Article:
E-voting far more secure, insists Cullen


ELECTRONIC VOTING is a far more secure system than the system we use at present, Minister for Arts, Sport and Tourism Martin Cullen insisted yesterday.

Mr Cullen, who as predecessor to current Minister for the Environment John Gormley decided to press ahead with the electronic voting project, told journalists in Dublin that e-voting was tested twice here and “it was very successful”.

While “issues arose afterwards” he had read a recent report suggesting the only way forward for Ireland was to use e-voting. “It’s a far more secure system than the system we use at present and it remains for others for the future to see what happens with it,” he said.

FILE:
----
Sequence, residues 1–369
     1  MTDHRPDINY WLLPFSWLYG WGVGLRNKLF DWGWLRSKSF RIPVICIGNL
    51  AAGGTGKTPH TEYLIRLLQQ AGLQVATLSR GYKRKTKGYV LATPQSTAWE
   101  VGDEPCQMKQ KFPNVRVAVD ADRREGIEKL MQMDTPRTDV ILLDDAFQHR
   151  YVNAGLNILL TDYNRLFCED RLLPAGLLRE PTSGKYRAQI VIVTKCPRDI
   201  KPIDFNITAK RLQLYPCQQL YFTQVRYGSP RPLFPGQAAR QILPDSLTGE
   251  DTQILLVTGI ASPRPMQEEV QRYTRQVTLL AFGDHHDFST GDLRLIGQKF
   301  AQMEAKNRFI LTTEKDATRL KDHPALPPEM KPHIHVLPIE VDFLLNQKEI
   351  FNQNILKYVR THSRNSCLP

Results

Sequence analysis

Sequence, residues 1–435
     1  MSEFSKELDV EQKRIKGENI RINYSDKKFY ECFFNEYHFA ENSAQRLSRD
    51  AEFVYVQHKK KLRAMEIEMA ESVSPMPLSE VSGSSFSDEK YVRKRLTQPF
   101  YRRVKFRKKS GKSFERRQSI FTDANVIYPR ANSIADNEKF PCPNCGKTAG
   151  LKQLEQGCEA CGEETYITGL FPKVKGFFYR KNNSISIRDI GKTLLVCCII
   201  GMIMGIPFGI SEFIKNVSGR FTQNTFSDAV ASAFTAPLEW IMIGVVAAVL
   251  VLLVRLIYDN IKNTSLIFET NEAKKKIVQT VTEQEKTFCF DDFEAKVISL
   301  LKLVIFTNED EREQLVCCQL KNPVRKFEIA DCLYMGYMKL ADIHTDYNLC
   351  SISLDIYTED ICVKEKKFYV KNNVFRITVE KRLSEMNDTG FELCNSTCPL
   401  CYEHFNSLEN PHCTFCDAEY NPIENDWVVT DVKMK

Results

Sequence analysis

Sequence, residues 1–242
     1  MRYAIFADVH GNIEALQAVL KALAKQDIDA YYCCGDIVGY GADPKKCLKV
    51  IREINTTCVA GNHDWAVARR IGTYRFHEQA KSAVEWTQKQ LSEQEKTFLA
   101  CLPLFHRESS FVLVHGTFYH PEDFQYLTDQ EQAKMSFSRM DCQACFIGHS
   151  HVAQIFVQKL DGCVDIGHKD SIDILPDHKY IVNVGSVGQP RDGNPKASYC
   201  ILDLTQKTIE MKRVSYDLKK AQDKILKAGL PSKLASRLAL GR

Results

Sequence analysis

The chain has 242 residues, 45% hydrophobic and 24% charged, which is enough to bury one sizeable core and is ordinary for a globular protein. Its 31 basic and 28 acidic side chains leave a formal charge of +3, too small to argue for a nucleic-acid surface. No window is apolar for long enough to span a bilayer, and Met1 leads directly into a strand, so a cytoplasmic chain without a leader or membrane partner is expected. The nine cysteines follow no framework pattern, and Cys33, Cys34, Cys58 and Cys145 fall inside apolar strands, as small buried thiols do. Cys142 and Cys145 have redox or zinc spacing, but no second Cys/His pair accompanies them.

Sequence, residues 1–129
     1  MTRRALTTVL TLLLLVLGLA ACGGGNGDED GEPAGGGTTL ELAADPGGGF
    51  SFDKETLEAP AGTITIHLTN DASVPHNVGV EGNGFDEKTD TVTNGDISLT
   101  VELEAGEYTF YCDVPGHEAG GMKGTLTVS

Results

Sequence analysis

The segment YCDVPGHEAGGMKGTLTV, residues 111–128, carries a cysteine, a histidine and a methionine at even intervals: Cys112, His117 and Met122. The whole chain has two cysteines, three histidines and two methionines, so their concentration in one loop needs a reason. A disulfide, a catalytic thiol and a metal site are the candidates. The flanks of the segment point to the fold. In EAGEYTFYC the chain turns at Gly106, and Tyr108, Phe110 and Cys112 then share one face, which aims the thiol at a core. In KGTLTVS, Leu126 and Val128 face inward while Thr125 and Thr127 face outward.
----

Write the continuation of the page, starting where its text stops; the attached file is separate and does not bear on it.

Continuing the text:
Earlier this year, Mr Gormley decided to abandon electronic voting, claiming it would cost €28 million to make the machines suitable for use. This was on top of the almost €52 million purchase price plus a claimed €800,000 a year cost to store and secure the machines over the period.

A report from the Comptroller and Auditor General on Friday revealed the taxpayer is liable for leased storage of some e-voting machines up until 2029.

The recent report to which Mr Cullen was referring was coverage of a paper presented on the closing day of the British Festival of Science in Guildford last week, which noted that the paper-based voting system in which we put our trust is open to fraud and manipulation.